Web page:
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Charter Act of 1853 | Indian Polity | UPSC CSE

Charter Act of 1853 | Indian Polity | UPSC CSE

Lord Dalhousie and Sikh Gurus - Lord Dalhousie %

- Lord Dalhousie {1848-1856}


  • The Charter Act of 1853 empowered the British East India Company to retain the territories and the revenues in India in trust for the crown not for any specified period, Unlike the previous charter acts of 1793, 1813 and 1833 which renewed the charter for 20 years.
  • This Act was passed when Lord Dalhousie was the Governor-General of India.

Governor-General’s office :

  • It separated, for the first time, the legislative and executive functions of the Governor- General’s council.
  • It provided for addition of six new members called legislative councillors to the council {12 in total}. The Governor-General could nominate a vice president to the council and his assent is required for all legislative actions. It established a separate Governor-General’s legislative council which came to be known as the Indian (Central) Legislative Council. This legislative wing of the council functioned as a mini-Parliament, adopting the same procedures as the British Parliament.
  • The Law member (fourth member) became a full member with the right to vote.
  • The 12 members were - 1 Governor-General, 1 Commander-in-Chief, 4 members of the Governor-General’s Council, 1 Chief Justice of the Supreme Court at Calcutta, 1 regular judge of the Supreme Court at Calcutta, and 4 representative members drawn from company’s servants with at least 10 years tenure, appointed by the local governments of Bengal, Bombay, Madras and North Western Provinces.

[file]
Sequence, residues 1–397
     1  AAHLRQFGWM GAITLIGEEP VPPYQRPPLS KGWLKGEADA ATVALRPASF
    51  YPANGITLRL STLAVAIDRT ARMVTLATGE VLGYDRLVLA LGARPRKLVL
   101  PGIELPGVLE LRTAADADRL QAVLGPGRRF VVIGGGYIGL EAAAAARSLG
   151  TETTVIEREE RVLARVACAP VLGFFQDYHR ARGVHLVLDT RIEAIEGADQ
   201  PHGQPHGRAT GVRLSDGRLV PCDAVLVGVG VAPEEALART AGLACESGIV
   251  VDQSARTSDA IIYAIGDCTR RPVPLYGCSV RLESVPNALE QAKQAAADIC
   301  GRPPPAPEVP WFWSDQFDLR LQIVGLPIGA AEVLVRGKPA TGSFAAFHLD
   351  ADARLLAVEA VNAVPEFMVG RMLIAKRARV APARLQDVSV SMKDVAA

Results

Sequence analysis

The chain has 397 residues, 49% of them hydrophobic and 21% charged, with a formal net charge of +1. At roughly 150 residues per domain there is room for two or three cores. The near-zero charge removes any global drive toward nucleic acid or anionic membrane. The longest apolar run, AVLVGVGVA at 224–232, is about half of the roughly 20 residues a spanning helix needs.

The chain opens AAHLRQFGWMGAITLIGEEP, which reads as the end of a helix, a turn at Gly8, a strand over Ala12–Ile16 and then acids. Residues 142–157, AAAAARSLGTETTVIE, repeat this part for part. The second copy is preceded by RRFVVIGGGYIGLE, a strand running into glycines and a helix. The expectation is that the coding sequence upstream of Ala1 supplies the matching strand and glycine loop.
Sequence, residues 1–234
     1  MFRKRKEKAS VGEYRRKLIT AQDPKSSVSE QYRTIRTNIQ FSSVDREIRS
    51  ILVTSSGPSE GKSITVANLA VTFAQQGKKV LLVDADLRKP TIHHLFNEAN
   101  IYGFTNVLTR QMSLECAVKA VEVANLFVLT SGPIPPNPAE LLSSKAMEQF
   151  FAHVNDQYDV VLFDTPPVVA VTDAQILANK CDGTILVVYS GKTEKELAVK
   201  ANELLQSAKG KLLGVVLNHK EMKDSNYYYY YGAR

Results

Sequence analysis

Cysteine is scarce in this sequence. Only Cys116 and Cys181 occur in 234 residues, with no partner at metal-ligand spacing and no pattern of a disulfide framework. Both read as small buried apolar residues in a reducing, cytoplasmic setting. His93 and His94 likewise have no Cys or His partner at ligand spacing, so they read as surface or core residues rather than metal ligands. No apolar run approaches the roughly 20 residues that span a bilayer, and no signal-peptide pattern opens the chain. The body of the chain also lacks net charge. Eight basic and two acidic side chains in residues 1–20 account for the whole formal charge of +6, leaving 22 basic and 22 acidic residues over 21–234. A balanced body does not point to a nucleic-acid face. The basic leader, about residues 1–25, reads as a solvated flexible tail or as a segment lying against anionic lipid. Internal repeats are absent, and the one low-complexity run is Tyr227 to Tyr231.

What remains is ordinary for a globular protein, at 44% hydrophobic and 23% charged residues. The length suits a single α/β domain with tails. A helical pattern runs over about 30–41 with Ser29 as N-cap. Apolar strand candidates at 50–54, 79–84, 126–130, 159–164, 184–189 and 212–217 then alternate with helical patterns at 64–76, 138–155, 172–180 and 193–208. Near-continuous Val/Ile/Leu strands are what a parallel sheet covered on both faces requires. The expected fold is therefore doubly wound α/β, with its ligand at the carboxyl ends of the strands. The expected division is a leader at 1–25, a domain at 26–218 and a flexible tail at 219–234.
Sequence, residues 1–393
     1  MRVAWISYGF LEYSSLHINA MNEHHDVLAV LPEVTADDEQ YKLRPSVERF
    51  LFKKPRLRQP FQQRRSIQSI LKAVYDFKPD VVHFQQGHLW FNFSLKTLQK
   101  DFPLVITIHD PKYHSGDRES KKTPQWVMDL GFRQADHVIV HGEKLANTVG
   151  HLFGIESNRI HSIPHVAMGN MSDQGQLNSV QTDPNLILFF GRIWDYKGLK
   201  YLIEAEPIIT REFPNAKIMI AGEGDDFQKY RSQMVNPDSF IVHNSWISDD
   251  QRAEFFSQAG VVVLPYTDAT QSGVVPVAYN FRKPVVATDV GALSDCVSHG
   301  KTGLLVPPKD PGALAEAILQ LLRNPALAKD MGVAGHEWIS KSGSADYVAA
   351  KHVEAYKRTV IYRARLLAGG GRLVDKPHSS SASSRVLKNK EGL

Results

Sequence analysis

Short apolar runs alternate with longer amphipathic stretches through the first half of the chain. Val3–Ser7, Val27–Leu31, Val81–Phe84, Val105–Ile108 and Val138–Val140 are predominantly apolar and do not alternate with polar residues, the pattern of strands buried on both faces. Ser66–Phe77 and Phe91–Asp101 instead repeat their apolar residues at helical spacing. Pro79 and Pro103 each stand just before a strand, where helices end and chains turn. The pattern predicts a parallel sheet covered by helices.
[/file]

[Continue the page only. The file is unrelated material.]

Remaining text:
• It introduced an open competition system of selection and recruitment of civil servants. The covenanted civil service was thus thrown open to the Indians also. Accordingly, the Macaulay Committee (the Committee on the Indian Civil Service) was appointed in 1854.
  • The number of Board of Directors was reduced from 24 to 18 out of which 6 people were to be nominated by the British Crown.


This act served as the foundation of the modern parliamentary form of government. The legislative wing of the Governor-General’s Council acted as a parliament on the model of the British Parliament.